What the fuck bus are you on? In fact, what city are you in? You thought the Dominion bus went straight to Mount Newcombe. But as you look out the window into an unfamiliar parkette, you decide to check with the driver. After an awkward aisle dance with a big Tamil guy in an afro, you squeeze past a pram, a thick-whiskered-man in a long billed baseball cap and a trio of new-to-the-workforce Asian girls in primary colored suits. And when you’re almost at the front of the bus, an old man reaches out from the bench seats and grabs your arm as you go past. You look down, surprised to see your grade 12 English teacher.

“Kasey?” he says, shaking your hand. “It’s been what? Three years? What have you been doing?”

“Mr. Olthius. Hi.”

“It’s Dean,” he reminds you and you smile at the memory of him insisting you call him by his first name back in school – the first of your high school teachers to do that. His formerly ruddy cheeks have become pale and veiny. The loose skin on his neck suggests that he has lost weight.

“Are you still painting?” he asks. You’re as impressed and amazed he remembers you paint as you are embarrassed you haven’t been doing any.

“I’m sorry, Dean,” you say. “I was just going to ask the bus driver what bus we’re on. This is the 34A, right?”

Dean shakes his head. “34E.” He snickers and nods. “I feel lost like that alla time. It’ll be alright. The bus turned off of Dominion at Milestone Mall. That was a few stops back. Long walk, but maybe better than staying on the bus until it comes full circle?” He squeezes past you. “Anyway, this is my stop.”
You are not feeling up to a long walk. As the door opens, you ask the driver, “How long does it take to do the whole circuit?”

“Forty minutes back to the subway,” With his round Hispanic face and thin white mustache, he reminds you of your Uncle Fred. He tears off a transfer. “But the bus coming the other way should be here any time. It will only take you five minutes to get back from here.”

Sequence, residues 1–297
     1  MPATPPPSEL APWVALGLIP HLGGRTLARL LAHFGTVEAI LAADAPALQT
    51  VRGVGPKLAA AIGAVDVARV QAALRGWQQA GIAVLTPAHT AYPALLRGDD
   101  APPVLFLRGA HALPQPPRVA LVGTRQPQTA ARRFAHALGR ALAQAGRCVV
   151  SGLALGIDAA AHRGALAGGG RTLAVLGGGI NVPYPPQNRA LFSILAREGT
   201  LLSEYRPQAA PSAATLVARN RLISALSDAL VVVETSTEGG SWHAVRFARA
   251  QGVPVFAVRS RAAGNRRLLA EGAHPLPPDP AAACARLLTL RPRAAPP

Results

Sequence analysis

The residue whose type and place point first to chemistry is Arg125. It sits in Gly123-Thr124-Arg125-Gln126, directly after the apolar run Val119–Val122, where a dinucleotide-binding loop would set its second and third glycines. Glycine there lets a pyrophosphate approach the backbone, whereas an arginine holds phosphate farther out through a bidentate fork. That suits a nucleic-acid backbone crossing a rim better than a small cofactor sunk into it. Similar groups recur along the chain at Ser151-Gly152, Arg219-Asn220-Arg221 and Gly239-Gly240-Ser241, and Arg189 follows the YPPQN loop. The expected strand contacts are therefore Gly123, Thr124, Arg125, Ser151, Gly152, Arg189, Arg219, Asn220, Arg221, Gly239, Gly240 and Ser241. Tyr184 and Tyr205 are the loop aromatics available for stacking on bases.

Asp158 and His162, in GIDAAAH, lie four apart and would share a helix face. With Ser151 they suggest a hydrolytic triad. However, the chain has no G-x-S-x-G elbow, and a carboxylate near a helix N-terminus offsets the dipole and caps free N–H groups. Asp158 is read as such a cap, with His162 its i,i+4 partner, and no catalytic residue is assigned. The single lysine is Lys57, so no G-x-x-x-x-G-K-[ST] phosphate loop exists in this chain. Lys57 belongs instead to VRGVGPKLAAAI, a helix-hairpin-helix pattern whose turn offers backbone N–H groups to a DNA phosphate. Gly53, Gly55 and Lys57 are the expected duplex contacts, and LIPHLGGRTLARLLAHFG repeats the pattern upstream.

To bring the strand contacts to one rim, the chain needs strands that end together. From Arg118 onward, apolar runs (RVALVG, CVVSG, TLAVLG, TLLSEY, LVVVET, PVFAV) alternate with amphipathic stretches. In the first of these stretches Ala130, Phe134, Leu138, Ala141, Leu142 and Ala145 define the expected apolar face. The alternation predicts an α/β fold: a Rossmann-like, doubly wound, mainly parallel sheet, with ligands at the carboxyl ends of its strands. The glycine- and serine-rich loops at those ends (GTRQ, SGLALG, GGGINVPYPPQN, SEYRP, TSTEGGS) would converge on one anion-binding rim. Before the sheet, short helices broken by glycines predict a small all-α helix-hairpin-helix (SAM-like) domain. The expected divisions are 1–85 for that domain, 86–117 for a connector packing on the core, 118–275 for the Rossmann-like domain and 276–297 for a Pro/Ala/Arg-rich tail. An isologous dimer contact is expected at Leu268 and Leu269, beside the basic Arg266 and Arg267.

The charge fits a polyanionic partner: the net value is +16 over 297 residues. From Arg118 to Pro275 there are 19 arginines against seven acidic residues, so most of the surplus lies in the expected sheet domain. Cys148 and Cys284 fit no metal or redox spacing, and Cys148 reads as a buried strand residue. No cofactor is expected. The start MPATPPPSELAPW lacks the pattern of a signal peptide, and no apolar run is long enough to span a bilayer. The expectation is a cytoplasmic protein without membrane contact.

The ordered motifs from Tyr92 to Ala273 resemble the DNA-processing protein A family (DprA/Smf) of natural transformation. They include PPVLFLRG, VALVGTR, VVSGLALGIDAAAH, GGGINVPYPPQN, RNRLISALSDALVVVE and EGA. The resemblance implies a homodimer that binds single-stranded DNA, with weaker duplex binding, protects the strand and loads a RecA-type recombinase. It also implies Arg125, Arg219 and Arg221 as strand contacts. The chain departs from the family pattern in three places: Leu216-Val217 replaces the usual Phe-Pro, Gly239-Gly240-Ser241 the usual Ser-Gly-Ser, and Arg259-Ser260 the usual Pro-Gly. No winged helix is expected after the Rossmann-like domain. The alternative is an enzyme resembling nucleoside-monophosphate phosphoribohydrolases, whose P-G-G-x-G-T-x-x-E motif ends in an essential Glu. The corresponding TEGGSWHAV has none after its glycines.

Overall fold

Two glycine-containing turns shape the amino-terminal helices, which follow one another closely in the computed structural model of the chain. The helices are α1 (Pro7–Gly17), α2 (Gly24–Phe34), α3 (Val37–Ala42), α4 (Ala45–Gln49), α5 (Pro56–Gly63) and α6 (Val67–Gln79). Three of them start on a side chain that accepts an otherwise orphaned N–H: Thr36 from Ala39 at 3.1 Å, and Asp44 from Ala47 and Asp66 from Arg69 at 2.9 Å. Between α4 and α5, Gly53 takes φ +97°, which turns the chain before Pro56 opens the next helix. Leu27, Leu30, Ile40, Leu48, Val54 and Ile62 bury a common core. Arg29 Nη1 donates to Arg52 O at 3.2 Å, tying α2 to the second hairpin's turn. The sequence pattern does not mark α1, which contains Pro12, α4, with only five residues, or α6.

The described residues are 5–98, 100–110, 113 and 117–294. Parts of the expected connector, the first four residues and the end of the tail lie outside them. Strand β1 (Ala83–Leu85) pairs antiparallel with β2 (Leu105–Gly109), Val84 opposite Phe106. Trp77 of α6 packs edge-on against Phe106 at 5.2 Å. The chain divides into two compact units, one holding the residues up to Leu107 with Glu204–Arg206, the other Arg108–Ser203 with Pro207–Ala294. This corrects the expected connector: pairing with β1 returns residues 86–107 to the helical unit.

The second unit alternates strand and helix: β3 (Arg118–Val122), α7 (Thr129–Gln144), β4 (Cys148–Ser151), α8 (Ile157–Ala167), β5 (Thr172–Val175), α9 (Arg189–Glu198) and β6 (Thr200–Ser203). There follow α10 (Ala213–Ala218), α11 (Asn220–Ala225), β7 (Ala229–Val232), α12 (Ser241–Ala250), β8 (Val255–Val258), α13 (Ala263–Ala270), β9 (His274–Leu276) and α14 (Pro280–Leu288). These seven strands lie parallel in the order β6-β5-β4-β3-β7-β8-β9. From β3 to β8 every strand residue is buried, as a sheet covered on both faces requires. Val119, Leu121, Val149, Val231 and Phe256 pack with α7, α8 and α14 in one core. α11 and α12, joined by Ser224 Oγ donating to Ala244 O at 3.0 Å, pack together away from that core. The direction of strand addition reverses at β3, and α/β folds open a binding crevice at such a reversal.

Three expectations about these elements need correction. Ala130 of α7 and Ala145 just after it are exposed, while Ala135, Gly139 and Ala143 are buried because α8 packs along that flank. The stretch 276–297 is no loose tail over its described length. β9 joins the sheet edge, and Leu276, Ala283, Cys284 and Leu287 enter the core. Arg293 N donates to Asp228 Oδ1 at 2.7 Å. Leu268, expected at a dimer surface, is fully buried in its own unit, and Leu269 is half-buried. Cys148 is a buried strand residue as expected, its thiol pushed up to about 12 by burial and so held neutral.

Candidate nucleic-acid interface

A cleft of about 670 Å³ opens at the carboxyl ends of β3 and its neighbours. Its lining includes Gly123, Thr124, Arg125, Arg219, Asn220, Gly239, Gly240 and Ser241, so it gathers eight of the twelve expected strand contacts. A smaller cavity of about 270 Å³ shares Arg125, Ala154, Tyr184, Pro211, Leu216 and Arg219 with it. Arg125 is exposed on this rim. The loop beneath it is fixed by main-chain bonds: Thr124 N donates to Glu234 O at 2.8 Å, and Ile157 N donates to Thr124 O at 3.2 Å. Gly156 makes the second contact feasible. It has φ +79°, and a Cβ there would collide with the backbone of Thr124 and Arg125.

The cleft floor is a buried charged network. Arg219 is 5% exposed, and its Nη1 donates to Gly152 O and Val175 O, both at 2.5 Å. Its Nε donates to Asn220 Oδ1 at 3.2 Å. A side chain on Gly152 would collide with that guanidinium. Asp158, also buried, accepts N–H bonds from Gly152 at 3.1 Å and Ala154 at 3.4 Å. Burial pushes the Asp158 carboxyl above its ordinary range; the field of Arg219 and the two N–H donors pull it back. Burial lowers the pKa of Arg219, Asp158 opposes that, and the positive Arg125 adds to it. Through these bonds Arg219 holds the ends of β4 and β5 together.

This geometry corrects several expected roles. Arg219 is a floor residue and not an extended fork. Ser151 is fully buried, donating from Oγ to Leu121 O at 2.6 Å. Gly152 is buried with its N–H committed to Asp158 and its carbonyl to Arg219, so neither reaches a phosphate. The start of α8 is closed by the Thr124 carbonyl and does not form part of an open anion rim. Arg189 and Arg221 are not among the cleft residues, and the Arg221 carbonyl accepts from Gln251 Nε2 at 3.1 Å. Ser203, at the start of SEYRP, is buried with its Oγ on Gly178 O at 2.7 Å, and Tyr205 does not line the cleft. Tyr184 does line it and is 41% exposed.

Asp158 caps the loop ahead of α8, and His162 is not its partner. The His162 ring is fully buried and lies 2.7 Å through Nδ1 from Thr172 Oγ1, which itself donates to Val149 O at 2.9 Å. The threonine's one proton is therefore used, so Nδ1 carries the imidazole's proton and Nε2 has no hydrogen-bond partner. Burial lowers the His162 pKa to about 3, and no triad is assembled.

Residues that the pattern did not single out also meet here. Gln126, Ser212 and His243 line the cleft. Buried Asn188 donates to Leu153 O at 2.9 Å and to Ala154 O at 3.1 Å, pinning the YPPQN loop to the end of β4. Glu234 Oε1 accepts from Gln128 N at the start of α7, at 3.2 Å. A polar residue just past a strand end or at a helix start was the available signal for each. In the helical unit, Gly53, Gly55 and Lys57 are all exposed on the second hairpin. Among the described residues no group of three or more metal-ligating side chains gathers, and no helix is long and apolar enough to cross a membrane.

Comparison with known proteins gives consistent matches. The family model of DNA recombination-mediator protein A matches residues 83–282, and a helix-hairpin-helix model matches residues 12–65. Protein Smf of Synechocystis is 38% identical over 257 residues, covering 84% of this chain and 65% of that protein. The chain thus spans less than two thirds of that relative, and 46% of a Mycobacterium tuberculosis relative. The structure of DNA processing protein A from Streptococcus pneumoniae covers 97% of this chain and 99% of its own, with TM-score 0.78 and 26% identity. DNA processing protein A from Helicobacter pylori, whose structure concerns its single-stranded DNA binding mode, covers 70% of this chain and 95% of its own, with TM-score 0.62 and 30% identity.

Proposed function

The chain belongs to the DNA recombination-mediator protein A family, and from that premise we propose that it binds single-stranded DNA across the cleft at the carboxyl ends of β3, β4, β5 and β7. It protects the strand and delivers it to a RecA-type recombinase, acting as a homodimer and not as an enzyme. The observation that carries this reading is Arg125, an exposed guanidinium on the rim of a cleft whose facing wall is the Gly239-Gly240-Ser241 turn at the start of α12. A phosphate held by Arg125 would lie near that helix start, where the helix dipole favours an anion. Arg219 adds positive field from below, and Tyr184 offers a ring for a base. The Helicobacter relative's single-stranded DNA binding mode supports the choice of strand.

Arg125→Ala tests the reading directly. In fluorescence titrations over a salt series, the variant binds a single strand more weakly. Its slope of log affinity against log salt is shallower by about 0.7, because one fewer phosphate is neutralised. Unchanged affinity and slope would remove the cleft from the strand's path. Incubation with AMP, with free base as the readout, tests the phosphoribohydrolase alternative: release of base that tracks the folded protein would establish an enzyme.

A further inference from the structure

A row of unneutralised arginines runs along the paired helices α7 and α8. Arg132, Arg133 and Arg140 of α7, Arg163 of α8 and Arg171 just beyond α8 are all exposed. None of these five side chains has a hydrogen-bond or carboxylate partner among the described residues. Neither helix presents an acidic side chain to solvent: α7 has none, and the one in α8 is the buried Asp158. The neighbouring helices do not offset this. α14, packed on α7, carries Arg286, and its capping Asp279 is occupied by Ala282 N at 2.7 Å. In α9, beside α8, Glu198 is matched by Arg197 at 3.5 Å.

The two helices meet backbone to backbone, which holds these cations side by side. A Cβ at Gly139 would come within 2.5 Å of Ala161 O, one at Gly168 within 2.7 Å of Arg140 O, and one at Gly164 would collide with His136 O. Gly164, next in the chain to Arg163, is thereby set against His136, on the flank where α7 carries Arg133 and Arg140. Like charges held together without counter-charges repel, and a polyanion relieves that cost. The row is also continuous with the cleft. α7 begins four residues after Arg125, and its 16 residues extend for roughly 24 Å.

For the first time, you notice a shopping bag on the floor where Dean was sitting – a shiny red bag with cord handles. You peek inside as you lift it up. The contents include a computer tablet and a couple paperback books. On closer inspection you see that it’s a story anthology with Dean listed on the cover as one of the contributors.

“Are you getting out, the bus driver urges.”

“Yeah, thanks,” Clutching the bag to your chest you step out, foot hitting the sidewalk, just as Dean turns a corner onto a side street. You run to catch up, but by the time you get there, he’s gone.

“Dean,” you shout, but no-one responds.

You look at the transfer thinking I have ten minutes and then you follow him.

He goes into a shop at the end of the block.

You follow.

The shops along this street are Tudor styled and brightly trimmed – quaint and twee compared to the fast food joints and boarded up tavern on the main street. There’s a confectioner, a bookstore, a men’s clothing store and a barber shop with an old candy cane style barber pole. At the end of the block is a store with a hand painted sign saying Memorabilia. You see Dean through the window and go inside. A little bell jangles as you enter.

“Glad I caught you,” you say to Dean.

“I’m sorry?” he replies. “Who are you?”

“You forgot your bag on the bus.”

He says, “That’s not my bag.”

You aren’t sure how to respond, so you stand there for a couple beats before remembering the contents. The book with his name on it. You pull it out.